boles said:
what version of workstation are you running? I am running old version that doenst seem to have that option. All i have is "Connect to ACE management server"


9.0.1 but I believe that it's been there since at least version 7 or 8
a c 100 à CPUs
January 9, 2013 4:28:55 AM

boles said:
Need some advice to see if i am wasting money before i make a move to upgrade my current machine. My current machine is primarily used for work but i occasionally do some light gaming. My job requires me to run about 3 or 4 virtual machines at any given time using VMware workstation. Mostly so i can run multiple SW development environments that connect over VPN to various client networks.

I am currently running:
- i7 2600k
- 16g ram
- 240g Mushkin Enhanced Chronos Deluxe (OS and small storage)
- 128g Crucial RealSSD C300 ( holds virtual machine hard disks )
- ASUS P8P67 PRO
- 1Tb hd for long term storage

Recently my setup seems like it isnt fast enough and I want more speed. I am thinking of building or buying a dual xeon (or AMD) setup with more ram to gain some more performance. I am looking at CPU charts and the 2600k isnt at the top but it isnt at the bottom so i am wondering if the upgrade would really be worth it.

I am open to other ideas but be aware i run a 30" monitor @ 2560x1600 so offloading VMs to another machine doesnt give me the full screen desktop that i want.


A dual processor setup would very likely give you a good boost in performance due to the higher core count and much higher memory capacity. Having better I/O from your disk is important too, I would at the very least put the VMs on an SSD for better performance. Having extra RAM for disk caching would be a good boost here as well. Personally I am a fan of Opterons due to their good across-the-board feature set, high memory capacity, and low price but if you are willing to drop a grand a pop for dual-processor Xeons you can get some very nice ones that will outpace the Opterons in many cases. The lower-priced Xeons are usually a bad deal as they have too many features restricted or disabled. The old numbering scheme made it easy, you always went with a Xeon that started with an X if you wanted everything to work, but now you have to look much closer at the model numbers to see if you are getting a crippled or fully-functional one.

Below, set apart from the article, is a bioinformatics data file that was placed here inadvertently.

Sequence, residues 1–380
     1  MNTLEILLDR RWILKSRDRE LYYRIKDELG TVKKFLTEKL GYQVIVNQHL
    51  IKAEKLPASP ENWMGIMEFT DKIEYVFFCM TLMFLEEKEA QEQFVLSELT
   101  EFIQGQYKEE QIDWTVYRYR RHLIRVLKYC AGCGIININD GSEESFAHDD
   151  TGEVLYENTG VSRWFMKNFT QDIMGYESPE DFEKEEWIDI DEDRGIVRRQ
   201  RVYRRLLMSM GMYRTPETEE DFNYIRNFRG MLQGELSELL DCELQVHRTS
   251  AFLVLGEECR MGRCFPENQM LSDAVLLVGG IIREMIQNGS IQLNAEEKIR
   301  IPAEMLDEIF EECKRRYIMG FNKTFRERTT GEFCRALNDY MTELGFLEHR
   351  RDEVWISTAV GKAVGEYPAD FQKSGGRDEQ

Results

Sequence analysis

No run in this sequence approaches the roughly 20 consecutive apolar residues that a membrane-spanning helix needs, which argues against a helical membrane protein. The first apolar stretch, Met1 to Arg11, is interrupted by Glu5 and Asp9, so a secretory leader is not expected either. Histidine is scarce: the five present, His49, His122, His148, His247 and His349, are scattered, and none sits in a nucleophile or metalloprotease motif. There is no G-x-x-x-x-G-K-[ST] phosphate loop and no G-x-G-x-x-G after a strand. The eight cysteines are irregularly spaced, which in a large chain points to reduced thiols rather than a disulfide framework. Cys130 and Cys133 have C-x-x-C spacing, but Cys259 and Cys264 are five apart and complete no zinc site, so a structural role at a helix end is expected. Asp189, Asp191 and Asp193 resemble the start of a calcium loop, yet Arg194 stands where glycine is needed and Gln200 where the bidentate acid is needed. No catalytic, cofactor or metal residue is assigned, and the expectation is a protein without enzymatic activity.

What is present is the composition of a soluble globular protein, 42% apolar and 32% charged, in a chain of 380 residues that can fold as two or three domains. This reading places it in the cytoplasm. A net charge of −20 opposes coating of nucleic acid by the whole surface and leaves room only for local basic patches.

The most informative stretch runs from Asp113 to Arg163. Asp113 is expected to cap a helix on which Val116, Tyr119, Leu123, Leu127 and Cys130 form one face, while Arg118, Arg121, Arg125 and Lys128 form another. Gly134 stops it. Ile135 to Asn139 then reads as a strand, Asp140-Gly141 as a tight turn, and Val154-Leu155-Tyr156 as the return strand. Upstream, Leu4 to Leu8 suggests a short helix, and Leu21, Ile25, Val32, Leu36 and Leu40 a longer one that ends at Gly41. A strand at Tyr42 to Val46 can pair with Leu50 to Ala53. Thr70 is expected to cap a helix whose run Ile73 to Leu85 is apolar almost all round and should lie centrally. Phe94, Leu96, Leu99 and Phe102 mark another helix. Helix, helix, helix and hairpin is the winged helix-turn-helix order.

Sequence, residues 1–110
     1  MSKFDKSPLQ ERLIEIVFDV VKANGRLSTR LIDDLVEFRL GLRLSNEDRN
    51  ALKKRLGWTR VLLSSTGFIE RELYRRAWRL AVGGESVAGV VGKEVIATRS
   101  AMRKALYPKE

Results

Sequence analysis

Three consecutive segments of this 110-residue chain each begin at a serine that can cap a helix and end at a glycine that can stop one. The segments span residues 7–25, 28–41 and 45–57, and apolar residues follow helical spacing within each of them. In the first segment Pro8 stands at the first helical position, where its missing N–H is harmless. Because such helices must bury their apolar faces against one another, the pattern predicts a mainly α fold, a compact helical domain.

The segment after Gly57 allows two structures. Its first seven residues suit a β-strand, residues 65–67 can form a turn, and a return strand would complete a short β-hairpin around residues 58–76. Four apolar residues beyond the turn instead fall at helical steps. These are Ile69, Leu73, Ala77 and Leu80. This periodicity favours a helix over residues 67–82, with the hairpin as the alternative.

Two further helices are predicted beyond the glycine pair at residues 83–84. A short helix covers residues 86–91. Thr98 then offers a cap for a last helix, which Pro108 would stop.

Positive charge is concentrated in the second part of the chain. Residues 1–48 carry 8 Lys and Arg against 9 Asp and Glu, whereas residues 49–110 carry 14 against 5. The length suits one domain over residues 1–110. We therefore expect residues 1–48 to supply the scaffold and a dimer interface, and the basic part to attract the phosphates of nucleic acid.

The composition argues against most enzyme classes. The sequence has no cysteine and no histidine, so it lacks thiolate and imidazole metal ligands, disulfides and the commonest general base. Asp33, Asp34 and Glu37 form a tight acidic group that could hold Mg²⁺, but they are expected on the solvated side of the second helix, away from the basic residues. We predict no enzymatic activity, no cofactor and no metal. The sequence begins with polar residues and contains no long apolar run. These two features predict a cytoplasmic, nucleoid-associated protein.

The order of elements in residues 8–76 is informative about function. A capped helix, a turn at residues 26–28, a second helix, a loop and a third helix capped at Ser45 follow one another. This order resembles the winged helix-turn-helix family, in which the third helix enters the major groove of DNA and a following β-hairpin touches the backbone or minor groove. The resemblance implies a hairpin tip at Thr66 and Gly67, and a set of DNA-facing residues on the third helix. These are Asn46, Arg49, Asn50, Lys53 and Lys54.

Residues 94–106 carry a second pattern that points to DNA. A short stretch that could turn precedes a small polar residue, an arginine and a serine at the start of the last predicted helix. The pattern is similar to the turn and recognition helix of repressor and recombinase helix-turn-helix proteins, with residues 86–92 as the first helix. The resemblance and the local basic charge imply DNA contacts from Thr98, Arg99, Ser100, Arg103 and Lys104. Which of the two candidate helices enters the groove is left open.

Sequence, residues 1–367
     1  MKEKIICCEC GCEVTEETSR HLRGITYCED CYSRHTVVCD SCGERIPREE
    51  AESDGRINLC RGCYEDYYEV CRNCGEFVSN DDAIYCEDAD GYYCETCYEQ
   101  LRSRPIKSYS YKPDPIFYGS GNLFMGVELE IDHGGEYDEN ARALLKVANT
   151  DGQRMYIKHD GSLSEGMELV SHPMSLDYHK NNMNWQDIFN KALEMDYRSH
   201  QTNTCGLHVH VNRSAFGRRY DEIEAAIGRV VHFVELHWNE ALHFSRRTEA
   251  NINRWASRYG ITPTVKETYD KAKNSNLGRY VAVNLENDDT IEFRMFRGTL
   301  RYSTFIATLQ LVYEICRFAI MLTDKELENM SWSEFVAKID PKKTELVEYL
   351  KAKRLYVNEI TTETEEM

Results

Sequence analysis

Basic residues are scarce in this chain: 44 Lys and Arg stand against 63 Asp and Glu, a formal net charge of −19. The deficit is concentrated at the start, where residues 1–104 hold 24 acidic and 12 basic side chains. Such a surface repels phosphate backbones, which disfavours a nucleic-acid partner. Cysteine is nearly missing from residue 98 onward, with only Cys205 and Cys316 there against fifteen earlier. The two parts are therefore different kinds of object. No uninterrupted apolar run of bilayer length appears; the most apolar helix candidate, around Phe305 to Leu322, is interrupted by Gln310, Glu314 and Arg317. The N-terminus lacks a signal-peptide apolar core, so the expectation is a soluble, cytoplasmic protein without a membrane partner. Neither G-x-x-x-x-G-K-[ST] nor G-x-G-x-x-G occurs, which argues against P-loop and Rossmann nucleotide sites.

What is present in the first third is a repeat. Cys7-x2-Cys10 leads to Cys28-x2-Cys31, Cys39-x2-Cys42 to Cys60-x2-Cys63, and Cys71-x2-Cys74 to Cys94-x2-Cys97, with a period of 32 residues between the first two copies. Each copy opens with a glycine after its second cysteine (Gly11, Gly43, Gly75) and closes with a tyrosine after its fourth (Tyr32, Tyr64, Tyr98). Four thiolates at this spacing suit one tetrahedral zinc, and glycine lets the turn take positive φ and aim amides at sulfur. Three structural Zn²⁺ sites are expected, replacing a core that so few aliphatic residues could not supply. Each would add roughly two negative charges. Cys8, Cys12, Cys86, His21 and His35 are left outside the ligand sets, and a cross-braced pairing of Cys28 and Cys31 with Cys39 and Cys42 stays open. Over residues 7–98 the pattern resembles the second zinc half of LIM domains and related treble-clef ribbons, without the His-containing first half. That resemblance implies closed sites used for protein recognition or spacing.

Pinhedd said:
I used to run a setup nearly identical to yours. If you're running VMs you may very well be limited by hard drive IO rather than anything else. Here's a few suggestions.

5. Dual-processor systems can be expensive and are usually detrimental to gaming. Consider getting a Sandybridge-E processor instead. The extra memory bandwidth and higher capacity may help. I regularly run a bunch of VMs on my rig (sig) while gaming.


Gaming isn't significantly affected by multiprocessor systems unless your CPUs are low-clocked and have limited to no Turbo Boost function. That is really a thing of the past as most current multiprocessor CPUs do have reasonable amounts of Turbo Boost, with the exception of some lower-priced Intel units you should avoid anyway. Older server CPUs certainly could be bad to play games on, such as most of the Opteron 2400s and 6100s with their clock speeds right around 2 GHz and no Turbo Boost. Ditto with cheap Xeons, even through today. All of the current Opteron 6300s run at or boost up to over 3 GHz and most of the Xeon E5s do too which will give you plenty of grunt to play games. You can't really overclock current multiprocessor CPUs like you can on single-CPU boards but you shouldn't need to overclock a reasonably modern CPU to play games well. And by well, I mean at playable framerates at reasonable resolutions, not being a framerate-chasing idiot who says their system is "CPU-bottlenecked" because it goes up from 220 fps to 250 fps at 1024x768 low detail when they overclock it by 500 MHz.

Take it from somebody who has nothing *but* multiprocessor workstations at home and has dealt with several generations of CPUs in them. Turbo Boost really does eliminate the many slow cores vs. few fast cores tradeoff as you get both out of the same chip. It sure makes using multiprocessor systems with anything less than the >130 watt top-end chips costing multiple body parts much more pleasant for mixed usage. Using some of the older, boost-less chips was certainly a bit painful at times.
!